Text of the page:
Robert Young

The Ultimate Guide To House Sitting Abroad

If you’re an adventurous sort you might be interested in taking up temporary residence in a foreign country. Have you considered house sitting abroad?

The opportunity to live like a local in a small Nicaraguan community or in remote British Colombia might at first sound appealing but once you begin to consider the logistics the thought may become a little overwhelming.

In 2011 I joined TrustedHousesitters, created a profile and began applying for my first house sitting stay. Unfamiliar with the concept I was a little unsure how to approach the task of responding to home owners who had shown interest in my profile.

A week after I sent my first application I received a reply from a family in Costa Rica. They were visiting relatives in the USA and required house and pet care for a period of six weeks.

I pay annual membership to TrustedHousesitters and have used their platform to secure sits in amazing destinations like New York, Las Vegas, Sydney, Barbados, and St Kitts & Nevis.

If you choose to purchase membership through a link in this article a percentage of your payment will go to me. Thank you in advance for your support in helping to keep my blog online!

House sitting abroad – foreign house sitting stays

Now Costa Rica was somewhere I’d come across during my school geography lessons, this I was sure. However I was having a hard time racking my brain for any further snippets of information about the country.

The inhabitants spoke Spanish, I did not. They experienced two seasons, I was used to four. The country was in sunny Central America, I was in cold and rainy England. Unfortunately my knowledge dwindled into speculative musings at this point and my internal panic alarm went off.

Accepting the assignment I booked a flight and threw myself in head first. Since then I’ve looked after over 30 homes in 11 different countries and have collated my own check list that I consult before accepting any opportunity. As such I feel I’m now relatively qualified to share my experience and hope this provides a useful tool to consult as you plan your own house sitting adventures.

Visa requirements and considerations for foreign house sits

If you’re going to be living in a foreign country your first consideration should be whether or not you will require a visa for your stay. Do not assume that your tourist visa will cover you for the duration of the sit.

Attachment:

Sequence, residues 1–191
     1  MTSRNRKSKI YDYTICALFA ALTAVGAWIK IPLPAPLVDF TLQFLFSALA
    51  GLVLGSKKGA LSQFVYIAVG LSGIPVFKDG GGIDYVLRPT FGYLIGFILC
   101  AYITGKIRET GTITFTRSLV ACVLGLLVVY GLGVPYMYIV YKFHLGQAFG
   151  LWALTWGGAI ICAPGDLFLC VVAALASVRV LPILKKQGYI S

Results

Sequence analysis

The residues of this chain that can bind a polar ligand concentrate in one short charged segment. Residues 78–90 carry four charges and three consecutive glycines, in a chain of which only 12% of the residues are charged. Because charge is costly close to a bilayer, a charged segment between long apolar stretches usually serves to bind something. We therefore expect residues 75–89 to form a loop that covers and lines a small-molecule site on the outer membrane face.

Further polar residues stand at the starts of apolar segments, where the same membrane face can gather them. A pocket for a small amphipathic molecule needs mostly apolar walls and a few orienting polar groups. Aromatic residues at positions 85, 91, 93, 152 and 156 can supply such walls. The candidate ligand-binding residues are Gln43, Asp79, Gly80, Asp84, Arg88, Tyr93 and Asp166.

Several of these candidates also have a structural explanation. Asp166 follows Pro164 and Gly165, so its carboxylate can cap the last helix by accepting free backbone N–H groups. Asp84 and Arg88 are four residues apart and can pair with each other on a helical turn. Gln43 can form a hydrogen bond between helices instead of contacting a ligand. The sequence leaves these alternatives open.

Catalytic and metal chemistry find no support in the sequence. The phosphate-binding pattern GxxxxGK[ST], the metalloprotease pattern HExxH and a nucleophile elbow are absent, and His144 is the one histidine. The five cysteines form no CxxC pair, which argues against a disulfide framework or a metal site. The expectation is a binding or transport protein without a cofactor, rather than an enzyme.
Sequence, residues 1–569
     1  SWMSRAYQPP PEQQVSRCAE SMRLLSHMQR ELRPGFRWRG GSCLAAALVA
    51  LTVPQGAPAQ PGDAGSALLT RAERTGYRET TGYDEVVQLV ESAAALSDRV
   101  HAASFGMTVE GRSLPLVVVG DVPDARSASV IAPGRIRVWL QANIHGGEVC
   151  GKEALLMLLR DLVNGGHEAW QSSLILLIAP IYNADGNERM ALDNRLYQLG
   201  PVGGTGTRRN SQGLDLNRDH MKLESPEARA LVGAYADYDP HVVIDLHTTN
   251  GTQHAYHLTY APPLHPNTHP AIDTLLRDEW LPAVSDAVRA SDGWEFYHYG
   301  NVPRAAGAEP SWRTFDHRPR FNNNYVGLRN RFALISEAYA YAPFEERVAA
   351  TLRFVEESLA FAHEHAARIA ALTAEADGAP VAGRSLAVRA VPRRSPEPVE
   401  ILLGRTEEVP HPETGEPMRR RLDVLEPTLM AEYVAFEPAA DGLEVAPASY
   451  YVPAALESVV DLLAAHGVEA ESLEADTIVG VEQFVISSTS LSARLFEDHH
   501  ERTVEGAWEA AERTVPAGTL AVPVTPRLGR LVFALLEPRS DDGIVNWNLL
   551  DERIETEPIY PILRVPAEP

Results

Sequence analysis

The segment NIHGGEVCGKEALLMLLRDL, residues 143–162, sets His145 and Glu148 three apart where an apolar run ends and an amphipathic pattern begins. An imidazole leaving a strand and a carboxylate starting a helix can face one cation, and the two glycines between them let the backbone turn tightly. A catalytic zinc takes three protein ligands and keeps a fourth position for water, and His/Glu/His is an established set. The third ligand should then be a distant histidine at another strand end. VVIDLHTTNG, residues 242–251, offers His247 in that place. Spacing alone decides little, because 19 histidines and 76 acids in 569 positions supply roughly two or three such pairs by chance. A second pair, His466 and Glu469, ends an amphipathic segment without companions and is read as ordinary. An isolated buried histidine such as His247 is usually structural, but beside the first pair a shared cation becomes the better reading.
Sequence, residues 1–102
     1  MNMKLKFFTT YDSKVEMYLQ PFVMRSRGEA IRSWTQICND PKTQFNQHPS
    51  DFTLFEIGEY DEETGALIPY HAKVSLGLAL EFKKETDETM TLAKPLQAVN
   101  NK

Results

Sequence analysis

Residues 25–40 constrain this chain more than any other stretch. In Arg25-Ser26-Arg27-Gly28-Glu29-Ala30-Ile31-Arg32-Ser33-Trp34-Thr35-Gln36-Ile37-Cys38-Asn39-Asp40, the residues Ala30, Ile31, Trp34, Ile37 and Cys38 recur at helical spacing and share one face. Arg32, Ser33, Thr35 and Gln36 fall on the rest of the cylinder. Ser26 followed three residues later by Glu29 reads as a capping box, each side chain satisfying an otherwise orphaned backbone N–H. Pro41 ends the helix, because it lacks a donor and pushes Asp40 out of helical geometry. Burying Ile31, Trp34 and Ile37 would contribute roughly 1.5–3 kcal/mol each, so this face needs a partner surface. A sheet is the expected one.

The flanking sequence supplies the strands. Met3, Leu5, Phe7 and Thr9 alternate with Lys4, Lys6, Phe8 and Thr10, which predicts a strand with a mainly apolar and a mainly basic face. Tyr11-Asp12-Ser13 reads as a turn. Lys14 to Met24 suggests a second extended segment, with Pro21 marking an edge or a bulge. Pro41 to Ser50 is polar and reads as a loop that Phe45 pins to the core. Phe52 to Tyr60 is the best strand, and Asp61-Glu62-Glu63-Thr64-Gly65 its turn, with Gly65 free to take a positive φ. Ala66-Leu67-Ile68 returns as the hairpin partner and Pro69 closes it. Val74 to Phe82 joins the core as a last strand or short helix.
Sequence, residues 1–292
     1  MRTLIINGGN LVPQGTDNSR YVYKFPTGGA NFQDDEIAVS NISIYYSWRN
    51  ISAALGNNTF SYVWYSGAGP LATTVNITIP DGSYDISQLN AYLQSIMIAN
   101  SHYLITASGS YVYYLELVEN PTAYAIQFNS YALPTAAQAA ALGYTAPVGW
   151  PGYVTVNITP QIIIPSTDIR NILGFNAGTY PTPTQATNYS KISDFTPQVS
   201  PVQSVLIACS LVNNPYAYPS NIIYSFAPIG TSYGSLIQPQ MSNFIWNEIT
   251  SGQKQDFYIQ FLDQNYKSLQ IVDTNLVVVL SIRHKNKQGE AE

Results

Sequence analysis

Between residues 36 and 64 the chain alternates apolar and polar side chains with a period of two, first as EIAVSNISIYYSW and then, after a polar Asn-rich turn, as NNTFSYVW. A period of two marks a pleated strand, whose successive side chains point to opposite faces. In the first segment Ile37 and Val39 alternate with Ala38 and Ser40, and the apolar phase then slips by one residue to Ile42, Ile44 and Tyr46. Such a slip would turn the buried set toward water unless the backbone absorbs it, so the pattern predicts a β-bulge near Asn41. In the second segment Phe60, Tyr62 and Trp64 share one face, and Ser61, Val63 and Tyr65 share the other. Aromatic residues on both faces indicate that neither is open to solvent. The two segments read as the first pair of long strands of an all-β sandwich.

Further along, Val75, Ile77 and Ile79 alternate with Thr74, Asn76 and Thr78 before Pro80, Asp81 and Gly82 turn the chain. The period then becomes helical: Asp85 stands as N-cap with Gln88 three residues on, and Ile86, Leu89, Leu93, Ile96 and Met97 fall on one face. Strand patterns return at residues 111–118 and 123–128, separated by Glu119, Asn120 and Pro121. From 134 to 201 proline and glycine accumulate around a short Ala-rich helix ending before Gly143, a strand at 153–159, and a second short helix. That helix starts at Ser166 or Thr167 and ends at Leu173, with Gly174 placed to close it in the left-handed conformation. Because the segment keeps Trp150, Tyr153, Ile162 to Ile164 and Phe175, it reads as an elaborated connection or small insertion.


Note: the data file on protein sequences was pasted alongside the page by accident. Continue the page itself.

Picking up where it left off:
Jump online and find out from your embassy exactly what your options are. Most countries automatically provide a tourist visa to foreign visitors however the length of stay varies dramatically. Find out exactly how many days you’re allowed to remain in the country on the tourist visa and do not push the limit and extend your stay without authorisation or you could be faced with a hefty fine and have your re-entry to the country restricted.

Consider how you will get the visa. Will it be granted on arrival or will you need to apply before your departure?

Decide if you will need to work during the assignment to fund your stay. If so be aware that you will need to apply for the relevant employment visa. Make the homeowner aware of your intention to work. It may be that they require someone to be at the property 24/7, if so this may not be a suitable sit for you.

Transport and pre-sit considerations

Find out what transport options will be available to you during the sit. Some homeowners leave a vehicle for your use whereas others will expect you to provide your own or utilise public transport.

Investigate the local area. Find out how close you are to the amenities you require and whether you can get yourself around with ease. A remote house sit may sound appealing on paper but if you have to travel three hours by bus to do grocery shopping you may decide it isn’t the opportunity for you.

Join TrustedHousesitters and enjoy house sitting abroad next time you travel!

Financial commitments when house sitting abroad

  • Consider the logistics involved with travelling to and from the sit. Factor in your airfare as well as ground transport once you land. Consider public transport, vehicle hire and any additional layover accommodation costs.


  • Protect yourself. NEVER TRANSFER MONEY TO A HOME OWNER AS A DOWN PAYMENT on utilities or to secure the sit. If asked express your concern and ask to pay in full once you arrive at the property.

Personal safety when house sitting

Business Class with Finnair
  • Take the time to research the local area, just because the homeowner chooses to live there doesn’t mean you would. Keep up to date with local news and find out the weather patterns for the duration of the assignment.

Chat with the homeowner before you accept their sit

  • This is a vital tool for any house sitter. Without the ability to communicate with the outside world you can find yourself in a pickle. Find out what telephone and internet package you will have access to. It is vital that you can contact the relevant assistance should an emergency occur.

Understand the homeowner’s requirements

4K Photo Moments House Sitting on Nevis
  • Generally all the requirements of the sit are detailed on the homeowner’s advert however I like to confirm exactly what my responsibilities will entail before accepting a position. I feel it is vitally important to spend as much time as you can conversing with the homeowner before committing to house sit.

Consider the location

While I have left it until now to mention this I know that for most of us location is the driving force behind our decision to house sit. We want to experience areas of the world that interest us and quench our thirst for wanderlust.

Whether it is as an affordable accommodation option when staying near family, a relaxing break from a 9 to 5, an escape to the city or an opportunity to spend time in that particular country, there is a reason you apply for some house sits and not others. Don’t forget this initial consideration.